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But this will only take 20 minutes!

But this will only take 20 minutes!

 29 Jul 2020  |    Alysha Punja

7:00 am. Just another Monday. I wake up to the not so pleasant sound of my alarm (after hitting snooze more than just once). Time to roll out of bed, workout, shower, eat, and head to work. Except wait, this is no longer a regular Monday. While my morning routine is the same, there’s no office to head to for the moment. My morning struggle with Bangalore traffic is now reduced to the few steps between my bed and desk before work begins.

While the hustle and bustle remains, it’s no longer the sound of ideas and opinions being exchanged amongst colleagues but rather instructions being given to the cook or household chores being assigned. Is my name included in this list of assignees? Most often the answer is yes. As a millennial who lives at home, adapting to this new way of remote working has had its challenges. The toughest one being, getting my family to understand that sitting at my desk with a laptop does really mean I’m working.

You’d think drawing boundaries is as simple as shutting your room door but it's not. Each request is presented as requiring no more than 2 minutes of my time. But these 2 minutes add up, and before I know it, I’m teaching my grandmother how to respond to Whatsapp forwards when I should be working on a business report instead. Why do I find myself in this position more often than not? Well, for the simple reason that my family doesn’t believe that they are distracting me from ‘work’. Their definition of work is waking up, dressing formally, and heading to an office for a day filled with paperwork and meetings. In contrast, my routine of waking up, working out, and sitting at my desk in slacks doesn’t satisfy their criteria. They fail to understand that the mountains of paperwork and meetings are now all packed into the virtual world of Google docs and Zoom calls.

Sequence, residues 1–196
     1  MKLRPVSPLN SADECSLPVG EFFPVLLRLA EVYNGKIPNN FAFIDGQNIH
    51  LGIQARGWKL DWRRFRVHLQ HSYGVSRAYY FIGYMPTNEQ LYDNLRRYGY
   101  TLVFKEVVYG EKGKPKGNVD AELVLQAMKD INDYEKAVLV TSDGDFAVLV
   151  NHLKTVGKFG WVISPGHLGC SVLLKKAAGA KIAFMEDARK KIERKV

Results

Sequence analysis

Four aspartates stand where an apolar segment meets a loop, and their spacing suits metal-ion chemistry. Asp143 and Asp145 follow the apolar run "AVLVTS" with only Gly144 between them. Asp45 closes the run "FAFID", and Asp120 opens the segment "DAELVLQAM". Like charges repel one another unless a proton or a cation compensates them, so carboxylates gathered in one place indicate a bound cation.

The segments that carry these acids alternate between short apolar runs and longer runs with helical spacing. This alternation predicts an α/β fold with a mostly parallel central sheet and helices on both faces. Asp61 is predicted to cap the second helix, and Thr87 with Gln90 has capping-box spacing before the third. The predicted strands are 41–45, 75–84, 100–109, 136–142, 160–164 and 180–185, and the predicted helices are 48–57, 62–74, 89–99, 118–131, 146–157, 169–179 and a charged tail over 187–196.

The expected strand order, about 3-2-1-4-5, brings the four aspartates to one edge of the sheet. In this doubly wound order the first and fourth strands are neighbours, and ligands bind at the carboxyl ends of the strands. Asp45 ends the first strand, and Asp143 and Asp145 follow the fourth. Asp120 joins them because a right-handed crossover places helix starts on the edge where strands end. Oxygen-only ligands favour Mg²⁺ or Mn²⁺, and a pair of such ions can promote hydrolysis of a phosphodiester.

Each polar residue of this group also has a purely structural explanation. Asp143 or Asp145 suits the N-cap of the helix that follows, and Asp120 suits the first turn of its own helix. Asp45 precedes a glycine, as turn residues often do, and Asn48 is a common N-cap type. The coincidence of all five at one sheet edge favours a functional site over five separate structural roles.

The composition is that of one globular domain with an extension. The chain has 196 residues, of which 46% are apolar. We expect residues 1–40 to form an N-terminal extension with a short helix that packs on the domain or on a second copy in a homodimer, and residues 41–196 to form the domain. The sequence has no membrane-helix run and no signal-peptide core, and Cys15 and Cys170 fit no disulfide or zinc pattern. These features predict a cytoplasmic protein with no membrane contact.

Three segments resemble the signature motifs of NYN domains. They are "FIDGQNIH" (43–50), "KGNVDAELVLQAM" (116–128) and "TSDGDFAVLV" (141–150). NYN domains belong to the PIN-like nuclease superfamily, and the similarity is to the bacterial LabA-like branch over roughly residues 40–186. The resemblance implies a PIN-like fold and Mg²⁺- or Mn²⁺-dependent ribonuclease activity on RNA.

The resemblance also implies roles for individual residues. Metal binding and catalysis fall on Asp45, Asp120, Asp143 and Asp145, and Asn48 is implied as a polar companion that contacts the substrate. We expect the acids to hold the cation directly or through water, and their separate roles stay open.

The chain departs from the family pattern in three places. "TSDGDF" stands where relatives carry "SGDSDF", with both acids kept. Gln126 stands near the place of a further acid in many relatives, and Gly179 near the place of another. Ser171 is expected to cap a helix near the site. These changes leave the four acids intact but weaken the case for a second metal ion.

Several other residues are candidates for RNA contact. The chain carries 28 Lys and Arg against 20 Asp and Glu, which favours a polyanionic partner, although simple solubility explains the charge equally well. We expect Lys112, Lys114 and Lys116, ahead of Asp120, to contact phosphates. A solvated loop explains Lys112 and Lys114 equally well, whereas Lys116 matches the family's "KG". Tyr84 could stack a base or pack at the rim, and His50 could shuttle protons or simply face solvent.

While I happily enjoy that extra hour of sleep every morning and the unfettered access to my mother’s kitchen, I am now faced with a new set of distractions. How to say no to what seems like a perfectly reasonable request?

What do those 2 minutes really cost me in terms of my own productivity? Is it really just 2 minutes? Indulging in these 2-minute distractions has changed the way I work. I no longer have clear demarcations between work and personal time. My usual 9 to 5 is now slightly longer, peppered with minor distractions throughout the day. Which is better? I can’t say for sure. While I definitely miss the structure and routine of heading to the office, I also value the safe and supportive environment I’m provided at home.

So as the uncertainty of this pandemic continues and we settle into this ‘new normal’ for the foreseeable future, I hope to bridge this generational gap at home and finally regain some work-life balance.

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